Reading the newspaper every morning has been a practice of mine for my entire adult life. Strong, black coffee to accompany the reading is essential. Nothing has changed about that in retirement, except much of the reading is now done on a IPad, rather than on newsprint. And rather than looking at the clock knowing I have to get ready for work, I can relax and indulge in another cup and yet another interesting article.
It surprises me every morning both how serious the news is and yet how much space is taken up with what seems so frivolous. It amazes me what gets front page attention and what gets buried. Take for example, two recent stories interesting to Christians in the United States. The story of Rev. Creflo Dollar who posted a YouTube video asking for 200,000 people to send him $300 so he could purchase a $65 million private jet. Project G650, the effort was called, until it was quickly taken down off the Internet because of social media’s rampant reaction to the latest stunt from another prosperity gospel preaching, custom-suit wearing, luxury home living evangelist. What would Jesus think about this Gulfstream for God?
In the same time period, a cherished Christian leader, teacher, and preacher died with much less fanfare and media coverage. But then, Dr. Fred Craddock wasn’t known for his flash, rather he was known for his sincerity, humility, story-telling grace, and both preaching and living the message of compassion. In the words of someone who both loved and respected him: He” takes us up slopes we have feared to climb, opens out vistas we never thought to explore, ..” I was privileged to have met him and to have learned how to find my own preaching voice through his writing and from professors who were fortunate enough to be his students. Contrasting with a ministry that asks for $65 million for a luxury jet, Fred’s family asks for contributions to the Craddock Center whose mission is to enrich the lives of the people of Southern Appalachia — heartfelt work that was always part of his ministry.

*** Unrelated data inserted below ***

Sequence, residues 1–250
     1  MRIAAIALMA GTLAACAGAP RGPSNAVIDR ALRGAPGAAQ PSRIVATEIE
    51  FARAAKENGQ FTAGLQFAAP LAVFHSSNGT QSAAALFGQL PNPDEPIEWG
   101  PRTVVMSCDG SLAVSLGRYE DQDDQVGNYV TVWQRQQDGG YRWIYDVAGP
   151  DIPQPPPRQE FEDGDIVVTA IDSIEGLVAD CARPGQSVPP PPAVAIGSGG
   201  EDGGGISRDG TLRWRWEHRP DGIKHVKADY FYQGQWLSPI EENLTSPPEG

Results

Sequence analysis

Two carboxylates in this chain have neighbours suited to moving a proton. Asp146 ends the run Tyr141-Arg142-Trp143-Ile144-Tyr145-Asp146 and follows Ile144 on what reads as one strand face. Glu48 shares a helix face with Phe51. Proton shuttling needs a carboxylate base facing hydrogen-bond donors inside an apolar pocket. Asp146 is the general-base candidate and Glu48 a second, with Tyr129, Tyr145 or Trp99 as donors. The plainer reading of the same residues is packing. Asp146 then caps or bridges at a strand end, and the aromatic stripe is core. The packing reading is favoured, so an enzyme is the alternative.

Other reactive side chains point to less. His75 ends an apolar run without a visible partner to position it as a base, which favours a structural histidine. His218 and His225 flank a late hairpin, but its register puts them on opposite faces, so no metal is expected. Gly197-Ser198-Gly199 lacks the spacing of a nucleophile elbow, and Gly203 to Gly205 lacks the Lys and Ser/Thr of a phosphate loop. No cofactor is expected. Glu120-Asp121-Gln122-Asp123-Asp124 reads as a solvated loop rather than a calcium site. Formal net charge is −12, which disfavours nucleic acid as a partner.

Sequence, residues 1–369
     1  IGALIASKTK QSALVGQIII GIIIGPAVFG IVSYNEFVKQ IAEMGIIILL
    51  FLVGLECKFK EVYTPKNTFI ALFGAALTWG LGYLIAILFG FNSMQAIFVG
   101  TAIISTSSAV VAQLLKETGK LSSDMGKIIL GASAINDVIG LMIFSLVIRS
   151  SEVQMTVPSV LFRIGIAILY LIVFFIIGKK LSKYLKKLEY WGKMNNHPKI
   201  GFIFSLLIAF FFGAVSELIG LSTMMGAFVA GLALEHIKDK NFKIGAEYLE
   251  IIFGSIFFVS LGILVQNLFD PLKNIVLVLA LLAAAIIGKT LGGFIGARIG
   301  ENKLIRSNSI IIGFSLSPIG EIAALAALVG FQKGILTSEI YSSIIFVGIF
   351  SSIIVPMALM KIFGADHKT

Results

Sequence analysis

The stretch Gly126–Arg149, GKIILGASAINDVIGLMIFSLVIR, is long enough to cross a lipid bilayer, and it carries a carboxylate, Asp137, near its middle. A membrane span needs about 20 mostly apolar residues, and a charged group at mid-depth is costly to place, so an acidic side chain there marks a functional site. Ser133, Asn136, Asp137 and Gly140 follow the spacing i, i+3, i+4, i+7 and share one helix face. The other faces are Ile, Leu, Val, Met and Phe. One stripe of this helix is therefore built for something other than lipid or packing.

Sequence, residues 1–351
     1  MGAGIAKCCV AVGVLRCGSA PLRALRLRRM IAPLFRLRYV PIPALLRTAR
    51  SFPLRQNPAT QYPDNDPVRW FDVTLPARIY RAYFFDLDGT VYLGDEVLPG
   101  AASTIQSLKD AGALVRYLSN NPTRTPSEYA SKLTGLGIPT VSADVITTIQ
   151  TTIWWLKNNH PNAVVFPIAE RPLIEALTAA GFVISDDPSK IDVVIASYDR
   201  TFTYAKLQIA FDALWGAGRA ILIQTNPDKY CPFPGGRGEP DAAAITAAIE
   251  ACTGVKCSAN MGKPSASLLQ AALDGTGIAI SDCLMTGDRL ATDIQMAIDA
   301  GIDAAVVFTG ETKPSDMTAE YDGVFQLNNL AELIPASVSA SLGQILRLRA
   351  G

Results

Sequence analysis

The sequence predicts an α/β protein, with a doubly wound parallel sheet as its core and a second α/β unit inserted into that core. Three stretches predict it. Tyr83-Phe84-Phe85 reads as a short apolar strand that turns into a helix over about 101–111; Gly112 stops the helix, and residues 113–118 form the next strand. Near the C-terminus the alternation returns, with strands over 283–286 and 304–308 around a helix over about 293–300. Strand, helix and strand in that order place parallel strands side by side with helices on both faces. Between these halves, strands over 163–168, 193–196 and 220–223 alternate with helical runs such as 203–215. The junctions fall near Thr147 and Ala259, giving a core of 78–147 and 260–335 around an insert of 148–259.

And yet both men claim Jesus as their savior. And though both men have large followings, I hope both would say that it is not them that we are to follow, it is Jesus. It’s part of the adventure of being a Christian, I suppose. As Maya Angelou once said, “I’m always amazed when people walk up to me and say, ‘I’m a Christian. I think, ‘Already? ‘Cause I’m still working on it.”
I’m one who has been working on being a Christian all of her life. Admittedly, the intensity of the work has its ups and downs. It seems that it’s during the transitions that the intensity heightens and the joys of the discovery deepens. It’s what gets me through the changes. Divorce. Death of my eldest child. But not just through the tough times. The good times too. David and I together these past 11 years, knowing that it wasn’t enough for us to be so extraordinarily happy. We felt called to look beyond ourselves from the very beginning moments when we were falling in love. Our first opportunity to answer the call was our first mission trip. Clean-up work in New Orleans gave new focus to our life together. From that came a new desire to give. To give back and to give away. Time. Expertise. Energy. And money.
And the strangest thing happened. As we committed ourselves to giving more away, we became less fearful about not having enough for ourselves. Of any of the above. We started paying more attention to the times when Jesus told his followers not to be afraid. We started trusting in God’s abundance, rather than wringing our hands about some imagined ghost of scarcity.
I see clearly that this trust led us to yet another transition. Retirement. It’s real, and it’s all new landscape for me. But in the wise words of the man sitting across from me in this newly shared home office space, …. you don’t have to have it all figured out today.
Hmmm. Sounds alot like being a Christian. And, thank you God because I do not. Have it figured out. But I promise, I’ll keep at it.
Pastor (Recently Retired). Parent. Activist.